It had been nearly 7 months (Dec 2011) since our daughter’s blood was drawn for a genetic test to help determine if she has mitochondrial disease. The results of that testing just came back a few weeks ago and yesterday we had a phone consultation with a metabolic/mitochondrial geneticist who is helping us to interpret the results.
What the testing found and showed were 6 gene variants that are associated with Mitochondrial Disease. But, as was explained to us by the geneticist, none of these genes have (or have not) been tested or studied in a lab to prove whether they are disease-causing. In the genetics world, this is referred to as:
“Variant of Unknown Significance”
I have grown to love and loathe this term… for a family who is trying to figure out what is going on with their little one, it is increasingly frustrating to run a test that takes 7 months to get the results back only to find out that what was found may or may not be “significant” to your child’s health and well-being. My interpretation of Variants of Unknown Significance = ???????? is more questions than answers.
The geneticist did feel strongly that one gene in particular could possibly be explaining some of Lady A’s symptoms and “clinical presentation”, so she is helping us coordinate yet another blood test to determine the SIGNIFICANCE of the VARIANT OF UNKNOWN SIGNIFICANCE (VUS). Sounds crazy huh?? Well, if I had not attended the UMDF Symposium a few months ago, I think I would be much more frustrated than I am now. At the symposium I learned just how much mitochondrial disease is in it’s infancy. Some of the disorders and genes (especially nuclear ones) have only been identified in the last 10 years. A few years ago it was believed as fact that you could only get mitochondrial disease by inheriting it from your mother (via mtDNA or mDNA). In just a few short years, nearly 1500 genes have been identified that are crucial for mitochondrial function and thus disease that come from both your mother and your father (nuclear DNA or nDNA). This is the test which results just came back for our daughter, a test that looked at 400 of these 1500 nuclear DNA genes, inherited from both mine and my husband’s DNA. I also learned at the symposium that “studying a gene” and “reporting it in the literature” as “disease causing is not a simple as one may think. It can take YEARS of breading mice models and knocking out genes and seeing if a phenotype/genotype appears. One other point that I heard at the symposium that also stuck with me…is that this “variance” could be specific to only your family, so finding someone else on the entire world to publish a journal article on about the significance of your families variant may not be possible because it doesn’t exist or hasn’t been found in any other person on this whole earth!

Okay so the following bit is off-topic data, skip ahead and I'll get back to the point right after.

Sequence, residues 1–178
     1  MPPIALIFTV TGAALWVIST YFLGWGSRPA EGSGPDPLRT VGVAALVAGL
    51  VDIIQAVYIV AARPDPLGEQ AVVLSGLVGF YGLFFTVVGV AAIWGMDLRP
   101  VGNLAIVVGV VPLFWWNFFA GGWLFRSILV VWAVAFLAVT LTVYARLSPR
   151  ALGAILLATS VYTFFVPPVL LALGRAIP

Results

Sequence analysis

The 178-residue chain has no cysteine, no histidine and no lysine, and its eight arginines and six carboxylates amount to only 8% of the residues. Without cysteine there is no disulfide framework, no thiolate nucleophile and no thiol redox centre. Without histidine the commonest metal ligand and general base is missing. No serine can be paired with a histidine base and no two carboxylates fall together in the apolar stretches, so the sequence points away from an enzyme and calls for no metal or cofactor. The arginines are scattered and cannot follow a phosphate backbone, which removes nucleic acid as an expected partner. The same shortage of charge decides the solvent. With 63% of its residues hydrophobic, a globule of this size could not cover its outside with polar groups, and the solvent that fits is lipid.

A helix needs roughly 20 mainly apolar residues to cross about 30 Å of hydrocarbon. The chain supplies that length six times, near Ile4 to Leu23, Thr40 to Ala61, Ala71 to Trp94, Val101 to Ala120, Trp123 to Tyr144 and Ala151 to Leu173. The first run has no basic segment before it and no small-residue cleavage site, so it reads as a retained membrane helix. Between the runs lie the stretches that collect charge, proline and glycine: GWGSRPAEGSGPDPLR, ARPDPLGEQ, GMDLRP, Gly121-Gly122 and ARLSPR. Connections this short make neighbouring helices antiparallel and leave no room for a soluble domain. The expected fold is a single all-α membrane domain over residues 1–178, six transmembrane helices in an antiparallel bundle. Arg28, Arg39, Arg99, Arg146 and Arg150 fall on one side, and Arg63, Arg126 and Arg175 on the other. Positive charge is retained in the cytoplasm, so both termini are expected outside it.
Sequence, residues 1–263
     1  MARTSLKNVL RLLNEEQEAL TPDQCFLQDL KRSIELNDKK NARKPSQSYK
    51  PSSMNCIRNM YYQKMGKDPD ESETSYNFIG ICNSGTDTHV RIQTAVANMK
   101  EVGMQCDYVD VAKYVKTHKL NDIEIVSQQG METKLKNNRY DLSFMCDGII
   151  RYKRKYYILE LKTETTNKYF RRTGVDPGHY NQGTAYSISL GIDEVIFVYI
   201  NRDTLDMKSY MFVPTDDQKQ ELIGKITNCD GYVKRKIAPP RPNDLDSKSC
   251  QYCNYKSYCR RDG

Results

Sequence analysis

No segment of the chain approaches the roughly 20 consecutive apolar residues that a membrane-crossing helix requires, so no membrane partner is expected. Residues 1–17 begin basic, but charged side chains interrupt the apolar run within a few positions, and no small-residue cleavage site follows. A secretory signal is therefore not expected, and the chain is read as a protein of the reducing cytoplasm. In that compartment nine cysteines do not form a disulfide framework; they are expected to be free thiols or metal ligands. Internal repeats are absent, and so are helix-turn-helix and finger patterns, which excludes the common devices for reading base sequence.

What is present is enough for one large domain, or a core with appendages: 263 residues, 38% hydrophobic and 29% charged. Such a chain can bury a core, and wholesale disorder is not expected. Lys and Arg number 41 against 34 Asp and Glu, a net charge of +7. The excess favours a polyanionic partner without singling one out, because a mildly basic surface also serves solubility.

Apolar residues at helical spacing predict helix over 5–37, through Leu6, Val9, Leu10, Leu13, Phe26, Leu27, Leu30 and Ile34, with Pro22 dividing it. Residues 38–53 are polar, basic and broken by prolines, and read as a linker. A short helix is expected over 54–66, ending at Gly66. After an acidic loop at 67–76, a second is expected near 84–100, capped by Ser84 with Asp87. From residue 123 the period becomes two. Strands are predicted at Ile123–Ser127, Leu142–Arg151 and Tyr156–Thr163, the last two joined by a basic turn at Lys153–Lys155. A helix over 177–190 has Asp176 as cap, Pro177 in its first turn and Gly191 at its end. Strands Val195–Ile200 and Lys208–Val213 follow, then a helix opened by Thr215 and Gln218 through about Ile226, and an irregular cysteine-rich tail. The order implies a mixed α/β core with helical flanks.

In all of this I struggle and strive to look for the positive and the silver lining and the blessings… there are many, I just have to search… I am thankful that the test to confirm or deny the significance of the VUS is a BLOOD test and not a biopsy on skin, liver or muscle, therefore requiring NO anesthesia to obtain it (which we believe Lady A may be reactive to), I am thankful that Lady A is doing well, this is hard to say after just being in the hospital for the first time in her life, but she really is doing reasonable well considering the challenges she has had lately, and lastly, I am thankful that this testing exists and that we have found doctors who are able to help us interpret it and help guide us down this largely unknown path, one baby step at a time.
Onward and Upward, I am off to do a little more research and coordinate yet another blood draw for our sweet little gal, hoping that this vial will be the last, and that what they will find in it will be SIGNIFICANT enough to end the search for more VARIANTS OF UNKNOWN SIGNIFICANCE. No parent wants a diagnosis of a genetic, metabolic, mitochondrial, chronic disorder for their child, but with a diagnosis comes HOPE of being able to treat or use vitamin therapies to lessen some of the symptoms, and that is our HOPE for ‘lil Lady A, that we can make this path a bit smoother for her.